US sanctions Iranian morality police and blames them for Mahsa Amini death

Measures come as deadly protests escalate in Iran

People clash with police during a protest following the death of Mahsa Amini in Tehran, Iran. EPA
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The US on Thursday sanctioned Iran's morality police and blamed the notorious force for the death of 22-year-old Mahsa Amini, who died after being detained for allegedly not wearing her hijab properly.

“Today, the US Department of the Treasury’s Office of Foreign Assets Control is designating Iran’s morality police for abuse and violence against Iranian women and the violation of the rights of peaceful Iranian protesters,” the Treasury said.

Amini, who was from Iran's western Kurdistan province, fell into a coma after being arrested by morality police in Tehran last week. Her death has prompted days of deadly protests, with at least 31 people now thought to have been killed in authorities' response to the demonstrations.

The woman's father claimed that Iranian authorities covered bruises on Amini's body and refused to allow her family to see them.

“Mahsa Amini was a courageous woman whose death in morality police custody was yet another act of brutality by the Iranian regime’s security forces against its own people,” Treasury Secretary Janet Yellen said.

“We condemn this unconscionable act in the strongest terms and call on the Iranian government to end its violence against women and its ongoing violent crackdown on free expression and assembly.”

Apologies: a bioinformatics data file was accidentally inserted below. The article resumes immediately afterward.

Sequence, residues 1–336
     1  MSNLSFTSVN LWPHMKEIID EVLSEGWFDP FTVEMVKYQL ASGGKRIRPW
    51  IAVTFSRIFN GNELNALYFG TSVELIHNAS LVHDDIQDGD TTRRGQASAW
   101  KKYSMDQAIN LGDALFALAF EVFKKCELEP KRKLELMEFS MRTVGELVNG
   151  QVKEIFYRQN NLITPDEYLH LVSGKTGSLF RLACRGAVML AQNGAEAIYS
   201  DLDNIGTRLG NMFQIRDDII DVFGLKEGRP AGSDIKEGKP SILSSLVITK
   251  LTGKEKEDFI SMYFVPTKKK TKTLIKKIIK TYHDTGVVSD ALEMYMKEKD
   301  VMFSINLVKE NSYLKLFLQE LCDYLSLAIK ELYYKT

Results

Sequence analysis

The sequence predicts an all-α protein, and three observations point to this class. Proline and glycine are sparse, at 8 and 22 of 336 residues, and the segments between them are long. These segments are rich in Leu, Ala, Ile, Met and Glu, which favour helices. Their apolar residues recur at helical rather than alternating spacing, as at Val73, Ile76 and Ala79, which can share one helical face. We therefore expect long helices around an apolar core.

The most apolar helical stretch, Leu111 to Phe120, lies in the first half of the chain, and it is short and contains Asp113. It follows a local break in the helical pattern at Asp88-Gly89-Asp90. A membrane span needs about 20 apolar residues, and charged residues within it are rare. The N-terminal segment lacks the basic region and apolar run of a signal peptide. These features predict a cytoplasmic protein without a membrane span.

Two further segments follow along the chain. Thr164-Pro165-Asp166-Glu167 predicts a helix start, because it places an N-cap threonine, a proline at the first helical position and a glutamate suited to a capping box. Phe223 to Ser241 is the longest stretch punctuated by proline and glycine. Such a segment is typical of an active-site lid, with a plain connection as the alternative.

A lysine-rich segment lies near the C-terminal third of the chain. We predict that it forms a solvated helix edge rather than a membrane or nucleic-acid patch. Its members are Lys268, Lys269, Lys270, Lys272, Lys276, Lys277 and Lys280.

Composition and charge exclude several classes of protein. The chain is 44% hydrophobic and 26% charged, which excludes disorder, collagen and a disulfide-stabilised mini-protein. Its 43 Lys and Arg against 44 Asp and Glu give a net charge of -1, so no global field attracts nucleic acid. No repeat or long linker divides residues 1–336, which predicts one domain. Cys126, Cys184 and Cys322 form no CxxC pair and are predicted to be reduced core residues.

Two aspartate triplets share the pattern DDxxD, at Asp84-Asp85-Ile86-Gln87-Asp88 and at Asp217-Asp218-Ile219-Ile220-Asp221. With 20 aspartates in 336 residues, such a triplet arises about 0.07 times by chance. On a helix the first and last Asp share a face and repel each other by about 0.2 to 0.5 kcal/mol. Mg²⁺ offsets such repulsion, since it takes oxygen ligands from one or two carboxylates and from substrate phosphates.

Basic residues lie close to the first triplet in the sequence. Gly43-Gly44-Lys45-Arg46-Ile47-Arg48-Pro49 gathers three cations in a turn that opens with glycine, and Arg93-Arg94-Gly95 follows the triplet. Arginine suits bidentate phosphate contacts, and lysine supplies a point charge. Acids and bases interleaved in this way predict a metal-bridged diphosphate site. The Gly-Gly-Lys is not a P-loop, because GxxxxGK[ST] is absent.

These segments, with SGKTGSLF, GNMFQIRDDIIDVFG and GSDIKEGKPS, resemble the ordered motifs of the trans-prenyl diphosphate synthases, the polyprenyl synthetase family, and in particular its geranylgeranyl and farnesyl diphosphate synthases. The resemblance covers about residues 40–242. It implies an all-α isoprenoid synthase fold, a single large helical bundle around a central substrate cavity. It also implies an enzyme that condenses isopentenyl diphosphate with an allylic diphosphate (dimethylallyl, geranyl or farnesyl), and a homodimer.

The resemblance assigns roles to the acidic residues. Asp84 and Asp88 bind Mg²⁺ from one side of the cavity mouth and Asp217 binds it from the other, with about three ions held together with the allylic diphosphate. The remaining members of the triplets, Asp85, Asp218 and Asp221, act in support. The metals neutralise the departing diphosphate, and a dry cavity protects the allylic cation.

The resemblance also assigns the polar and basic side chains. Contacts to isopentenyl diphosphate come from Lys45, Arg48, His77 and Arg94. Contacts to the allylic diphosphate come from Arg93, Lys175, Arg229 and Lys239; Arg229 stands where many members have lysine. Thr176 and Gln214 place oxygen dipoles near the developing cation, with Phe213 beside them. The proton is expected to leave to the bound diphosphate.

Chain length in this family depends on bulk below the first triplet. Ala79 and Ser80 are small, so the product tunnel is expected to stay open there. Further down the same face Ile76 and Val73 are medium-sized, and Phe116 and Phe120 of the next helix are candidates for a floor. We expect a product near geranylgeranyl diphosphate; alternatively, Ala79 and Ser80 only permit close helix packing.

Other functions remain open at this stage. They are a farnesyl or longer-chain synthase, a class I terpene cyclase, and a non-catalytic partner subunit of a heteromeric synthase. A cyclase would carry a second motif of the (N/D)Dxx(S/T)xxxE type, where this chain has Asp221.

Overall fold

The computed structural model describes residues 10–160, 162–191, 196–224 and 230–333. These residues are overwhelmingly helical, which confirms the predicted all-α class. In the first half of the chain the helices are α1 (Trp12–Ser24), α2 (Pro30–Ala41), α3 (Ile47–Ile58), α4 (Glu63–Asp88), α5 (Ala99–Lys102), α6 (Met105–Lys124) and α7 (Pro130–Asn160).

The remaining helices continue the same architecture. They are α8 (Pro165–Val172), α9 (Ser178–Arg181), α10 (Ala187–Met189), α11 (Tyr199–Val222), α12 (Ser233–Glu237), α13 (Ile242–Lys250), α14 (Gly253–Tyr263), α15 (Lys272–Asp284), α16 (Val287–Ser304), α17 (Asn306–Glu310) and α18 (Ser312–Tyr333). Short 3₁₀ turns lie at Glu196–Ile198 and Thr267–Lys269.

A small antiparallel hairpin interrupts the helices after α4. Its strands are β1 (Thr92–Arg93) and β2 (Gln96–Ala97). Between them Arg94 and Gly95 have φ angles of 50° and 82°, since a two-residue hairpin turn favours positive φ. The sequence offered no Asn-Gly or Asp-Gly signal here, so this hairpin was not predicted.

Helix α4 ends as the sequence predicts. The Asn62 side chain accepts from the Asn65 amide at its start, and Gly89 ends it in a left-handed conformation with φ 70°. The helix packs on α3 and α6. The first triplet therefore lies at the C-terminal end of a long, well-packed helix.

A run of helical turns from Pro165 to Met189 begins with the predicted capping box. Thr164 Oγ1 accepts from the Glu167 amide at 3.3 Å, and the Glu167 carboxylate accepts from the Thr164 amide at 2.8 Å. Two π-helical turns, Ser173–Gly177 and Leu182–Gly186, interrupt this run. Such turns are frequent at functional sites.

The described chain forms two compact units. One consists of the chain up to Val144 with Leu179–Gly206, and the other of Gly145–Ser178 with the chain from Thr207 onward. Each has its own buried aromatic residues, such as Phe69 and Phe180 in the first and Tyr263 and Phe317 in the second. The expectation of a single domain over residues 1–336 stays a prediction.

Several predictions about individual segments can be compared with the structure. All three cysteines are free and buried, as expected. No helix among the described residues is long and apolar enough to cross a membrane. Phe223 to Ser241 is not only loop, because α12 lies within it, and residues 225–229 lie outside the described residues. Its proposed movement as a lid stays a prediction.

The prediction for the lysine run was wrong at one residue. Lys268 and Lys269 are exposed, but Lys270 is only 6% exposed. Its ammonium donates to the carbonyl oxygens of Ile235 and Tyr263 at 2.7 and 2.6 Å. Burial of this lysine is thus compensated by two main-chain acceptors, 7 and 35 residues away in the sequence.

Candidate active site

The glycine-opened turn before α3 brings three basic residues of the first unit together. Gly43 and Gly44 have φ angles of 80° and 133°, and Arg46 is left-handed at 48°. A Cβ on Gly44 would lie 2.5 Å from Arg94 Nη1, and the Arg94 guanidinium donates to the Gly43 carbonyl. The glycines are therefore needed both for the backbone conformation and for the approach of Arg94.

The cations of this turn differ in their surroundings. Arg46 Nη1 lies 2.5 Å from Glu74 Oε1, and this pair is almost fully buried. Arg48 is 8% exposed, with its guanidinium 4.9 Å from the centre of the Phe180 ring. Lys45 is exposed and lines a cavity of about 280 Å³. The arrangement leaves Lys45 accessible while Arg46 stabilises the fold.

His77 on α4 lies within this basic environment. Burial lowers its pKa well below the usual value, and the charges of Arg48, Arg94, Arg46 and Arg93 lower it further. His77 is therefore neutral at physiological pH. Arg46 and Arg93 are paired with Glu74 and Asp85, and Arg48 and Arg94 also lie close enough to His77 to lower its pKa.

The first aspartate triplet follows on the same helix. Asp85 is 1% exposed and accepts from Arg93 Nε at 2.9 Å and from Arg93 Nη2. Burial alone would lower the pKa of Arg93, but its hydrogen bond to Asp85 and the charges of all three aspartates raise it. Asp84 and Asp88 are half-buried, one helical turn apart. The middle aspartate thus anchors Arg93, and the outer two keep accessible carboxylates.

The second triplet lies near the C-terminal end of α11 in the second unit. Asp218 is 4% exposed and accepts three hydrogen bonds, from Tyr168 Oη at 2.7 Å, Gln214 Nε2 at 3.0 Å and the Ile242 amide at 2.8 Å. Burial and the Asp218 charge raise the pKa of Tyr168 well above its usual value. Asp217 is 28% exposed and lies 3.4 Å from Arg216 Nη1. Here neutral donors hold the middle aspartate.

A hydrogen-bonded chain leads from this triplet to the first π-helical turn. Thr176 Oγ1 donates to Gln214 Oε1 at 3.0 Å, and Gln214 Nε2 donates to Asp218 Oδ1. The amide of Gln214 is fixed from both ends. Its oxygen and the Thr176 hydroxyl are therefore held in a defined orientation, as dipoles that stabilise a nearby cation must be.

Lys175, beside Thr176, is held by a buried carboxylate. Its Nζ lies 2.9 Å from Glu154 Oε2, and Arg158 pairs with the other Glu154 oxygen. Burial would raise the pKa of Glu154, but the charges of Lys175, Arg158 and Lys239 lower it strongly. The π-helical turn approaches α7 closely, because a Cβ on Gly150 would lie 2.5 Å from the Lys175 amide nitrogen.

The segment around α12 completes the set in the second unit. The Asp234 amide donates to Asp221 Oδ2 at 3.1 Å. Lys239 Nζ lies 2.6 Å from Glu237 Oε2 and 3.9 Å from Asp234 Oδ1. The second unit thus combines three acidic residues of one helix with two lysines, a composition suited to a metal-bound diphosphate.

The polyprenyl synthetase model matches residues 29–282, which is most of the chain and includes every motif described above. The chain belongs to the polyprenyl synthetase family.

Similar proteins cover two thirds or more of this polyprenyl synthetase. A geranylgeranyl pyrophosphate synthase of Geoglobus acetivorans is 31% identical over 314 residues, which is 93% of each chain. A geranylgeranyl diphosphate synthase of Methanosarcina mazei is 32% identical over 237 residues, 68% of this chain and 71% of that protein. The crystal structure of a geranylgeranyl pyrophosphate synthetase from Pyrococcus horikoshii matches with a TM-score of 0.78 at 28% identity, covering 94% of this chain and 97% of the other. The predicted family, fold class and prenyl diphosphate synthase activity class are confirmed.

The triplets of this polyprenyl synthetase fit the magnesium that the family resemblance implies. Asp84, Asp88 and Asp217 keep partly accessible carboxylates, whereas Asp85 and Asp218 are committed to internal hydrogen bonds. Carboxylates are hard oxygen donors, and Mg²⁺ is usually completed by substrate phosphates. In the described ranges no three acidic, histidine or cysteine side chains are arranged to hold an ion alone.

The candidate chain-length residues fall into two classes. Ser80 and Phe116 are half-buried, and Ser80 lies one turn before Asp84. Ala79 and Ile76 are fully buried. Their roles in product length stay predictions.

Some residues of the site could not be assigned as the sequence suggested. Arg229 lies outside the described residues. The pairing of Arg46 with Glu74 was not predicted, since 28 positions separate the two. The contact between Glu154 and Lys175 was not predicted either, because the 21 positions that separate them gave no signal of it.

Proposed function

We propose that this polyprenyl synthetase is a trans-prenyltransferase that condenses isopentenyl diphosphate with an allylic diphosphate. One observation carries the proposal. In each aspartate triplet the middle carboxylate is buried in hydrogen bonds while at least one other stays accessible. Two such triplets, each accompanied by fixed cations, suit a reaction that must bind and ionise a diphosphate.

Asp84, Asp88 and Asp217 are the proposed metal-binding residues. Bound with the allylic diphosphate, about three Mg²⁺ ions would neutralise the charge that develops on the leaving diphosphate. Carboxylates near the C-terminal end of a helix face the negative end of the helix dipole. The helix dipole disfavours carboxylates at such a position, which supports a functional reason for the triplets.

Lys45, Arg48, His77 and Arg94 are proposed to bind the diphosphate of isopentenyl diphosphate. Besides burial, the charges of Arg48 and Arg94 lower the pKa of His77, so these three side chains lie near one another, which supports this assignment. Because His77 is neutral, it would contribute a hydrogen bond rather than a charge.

US Secretary of State Antony Blinken added: “We mourn with her loved ones and with the Iranian people.”

Sanctions were placed on Mohammad Rostami Cheshmeh Gachi, head of the Iranian morality police; Haj Ahmad Mirzaei, who heads the morality police's division in Tehran; and five other security officials involved in repressing protesters.

Iran protests — in pictures

The department said Mr Rostami declared earlier this year that the morality police would punish Iranian women who refuse to wear the hijab.

The Treasury accused the sanctioned officials of routinely using violence to “suppress peaceful protesters”, as well as members of Iranian civil society, political dissidents, advocates for women's rights and those belonging to the Baha’i community

“The Iranian government needs to end its systemic persecution of women and allow peaceful protest. The United States will continue to voice our support for human rights in Iran and hold those who violate them to account,” Mr Blinken said.

US President Joe Biden on Wednesday declared his support for protesters during a speech at the UN and his administration has been quicker to condemn the growing protest movement than Barack Obama did with Iran's Green Movement in 2009.

Iranian President Ebrahim Raisi, also in attendance at the UN General Assembly this week, reportedly backed out of an interview in New York because the television interviewer refused to wear a headscarf.

An aide of Mr Raisi told CNN's Christiane Amanpour the Iranian president would only participate if she wore a headscarf, referring to “the situation in Iran”.

“I politely declined. We are in New York, where there is no law or tradition regarding headscarves,” Ms Amanpour wrote on Instagram, next to a picture of her facing an empty chair. “As protests continue in Iran and people are being killed, it would have been an important moment to speak with President Raisi.”

Sanctions from the Treasury Department aim to freeze any assets designated people might have in the US and also forbid them from conducting business dealings with Americans and US companies in an attempt to place limits on their financial networks.

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Updated: June 13, 2023, 12:17 PM